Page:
pacemaker for the rest of her life.


TONIGHT’S MUST-SEE II: “Bridesmaids” (2011, USA) or “Beverly
Hills Cop” (1984, VH1), both 7 p.m.


There’s a steady flood of people moving from “Saturday Night
Live” to the movies. Often, the films fail has anyone seen “It’s Pat,” “Superstar”
or “Ladies Man”? – but here are two people whose first starring role in a big
movie scored big. Each started with a good script that received an Oscar
nomination.


Kristen Wiig co-wrote her “Bridesmaids” script; the result
is big, broad and sometimes (like a bad “SNL” sketch) overwrought, but a crowd-pleaser.
“Cop” gave Eddie Murphy a smart script and sharp direction (from Martin Brest);
there’s intensity and great action, alongside Murphy’s great comic touch.


Other choices include:


“Black Box,” 8 p.m., ABC. After winning a competition,
someone loses the ability to sing.


“The Big Bang Theory,” 8 p.m., CBS. This reruns the second
of three terrific episodes with Bob Newhart as an old TV science host. He asks
Leonard for help; a jealous Sheldon befriends Bill Nye, the science guy.


“Undateable,” 9 and 9:30 p.m., NBC. The first episode has
Justin’s friends meddling, after they help pay off the debts on his bar. The
second has a lot of jokes about a Web site that rates guys’ sexual performance;
there are a few great lines and a lot of loud, witless ones.


“Gang Related,” 9 p.m., Fox. This hour pushes Ryan’s
loyalties to the breaking point. His friend Daniel is held hostage; to save
him, Ryan (a mostly-honest cop) must steal drugs from the evidence room.


“Justified,” 9 p.m., Sundance. Daniel is out of his coma and
back home, not yet aware that the sheriff has arrested someone for his brutal
beating. What follows is surprising and sometimes disturbing, but beautifully
done. The curt perfection of Aden Young in as Daniel is beautifully balanced
here by Abigail Spencer’s emotional performance as his sister, who believes passionately
in his innocence.


“Elementary,” 10 p.m., CBS. Watson (Lucy Liu) signs up for a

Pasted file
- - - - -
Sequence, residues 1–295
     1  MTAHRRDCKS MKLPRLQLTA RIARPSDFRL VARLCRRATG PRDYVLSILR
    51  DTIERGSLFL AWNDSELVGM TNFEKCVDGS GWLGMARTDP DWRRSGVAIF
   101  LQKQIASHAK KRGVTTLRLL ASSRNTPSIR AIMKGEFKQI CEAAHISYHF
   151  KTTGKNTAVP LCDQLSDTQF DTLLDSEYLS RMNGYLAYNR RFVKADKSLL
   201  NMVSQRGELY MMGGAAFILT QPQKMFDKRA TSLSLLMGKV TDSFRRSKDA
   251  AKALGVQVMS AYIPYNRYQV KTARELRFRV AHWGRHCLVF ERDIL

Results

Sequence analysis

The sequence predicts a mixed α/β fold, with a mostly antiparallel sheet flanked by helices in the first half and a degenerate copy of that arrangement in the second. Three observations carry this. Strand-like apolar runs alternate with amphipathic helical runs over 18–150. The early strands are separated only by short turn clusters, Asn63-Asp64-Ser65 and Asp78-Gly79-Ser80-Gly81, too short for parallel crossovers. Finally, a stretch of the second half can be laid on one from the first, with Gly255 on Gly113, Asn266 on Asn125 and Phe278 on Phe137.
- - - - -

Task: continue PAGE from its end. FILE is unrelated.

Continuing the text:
dating service in this rerun, just as she and Sherlock face a tough case:
Cyber-activists are defending someone who leaked classified information.


TV column for Wednesday, July 2



TONIGHT’S MUST-SEE: “So You Think You Can Dance,” 8-10 p.m.,
Fox.

Last week, “Dance” set its 20 finalists. Half are teens (18
or 19), with others up to age 25; three each are from Utah and Miami (always
“Dance” strongholds), with one from Denmark.


Eight are contemporary or jazz dancers, who tend to dominate
the show, but others are richly varied. Four list Latin ballroom as their prime
focus, with two each for tap, ballet and ballroom, plus ones with hip hop and
popping. They’ll eventually have to try other styles, but not now. Tonight,
each person can dance in his or her style, then viewers vote, with the first
elimination coming next week.


TONIGHT’S MUST-SEE II: “The Middle” and “Modern Family,” 8
and 9 p.m., ABC.


Two season-openers rerun, offering key education firsts. On “Family,”
it’s Lily’s first day of pre-school, Manny and Luke’s first day of high school;
on “Middle,” it’s Axl’s day of moving to college.


Complicating things further on “Family,” it’s Cam’s first
day of a substitute-teaching job … which sort of makes this Mitchell’s first
real day as a stay-at-home dad.


TONIGHT’S ALTERNATIVE: “Mystery Girls” and “Young and
Hungry,” 8 and 8:30 p.m., ABC Family.


These comedies, which debuted last week, have a lot in
common. Both have former teen stars playing women starting new jobs; both have
an effeminate assistant, aimed at extra laughs.


The difference? The “Hungry” assistant (Rex Lee of
“Entourage”) is perfect; the “Girls” one (Miguel Pinzon) is horribly
overwrought. The “Hungry” star (Emily Osment of “Hannah Montana”) is excellent
as a young chef, tonight accused of theft; one of the “Girls” stars (Tori
Spelling as a private eye) takes a broad character and makes her broader.
Tonight, she ducks stake-out duty and probes a glitzy club.


Other choices include:


Movies, 7:45 and 8 p.m., cable. Two movie masters have
popular films tonight – Steven Spielberg with “Jaws” (1975) at 7:45 p.m. on AMC
and Francis Coppola with “The Outsiders” (1983) at 8 on Sundance; the latter is
a richly emotional teen film, with Matt Dillon, Rob Lowe, Diane Lane and many
more, including (briefly) Tom Cruise. Also at 8, IFC has “L.A. Confidential”
(1997), a stylish crime tale.


“Big Brother,” 8 p.m., CBS. It’s time for the season’s first
power-of-the-veto competition.


“The Goldbergs,” 8:30 and 9:31 p.m., ABC. The first rerun
finds the mom distraught about a Halloween with none of her kids
trick-or-treating. The second has Pops (George Segal) trying to work with
Murray.


“Motive,” 10 p.m., ABC. Here’s a rerun of the season-opener,
with a clever plot involving a pair of “suicides” that are starting to look
like murder.


“Hot in Cleveland,” 10 and 10:30 p.m., TV Land. New episodes
air back-to-back. First, Joy’s boss (Tim Daly) pines for Melanie … who’s dating
a rich guy (Chevy Chase) to help Elka’s political campaign. Then a storm
strands the women with undesirables, including Victoria’s island boyfriend (Rob
Schneider).


“Taxi Brooklyn,” 10:01 p.m., NBC. Somehow, bad-acting is
contagious here. In last week’s opener, that centered on the two stars;
tonight, it also infects the guest stars. 
Add in a dull story and clumsy dialog and you’ll find that a few chases
(on foot and by car) aren’t enough to create a good cop show.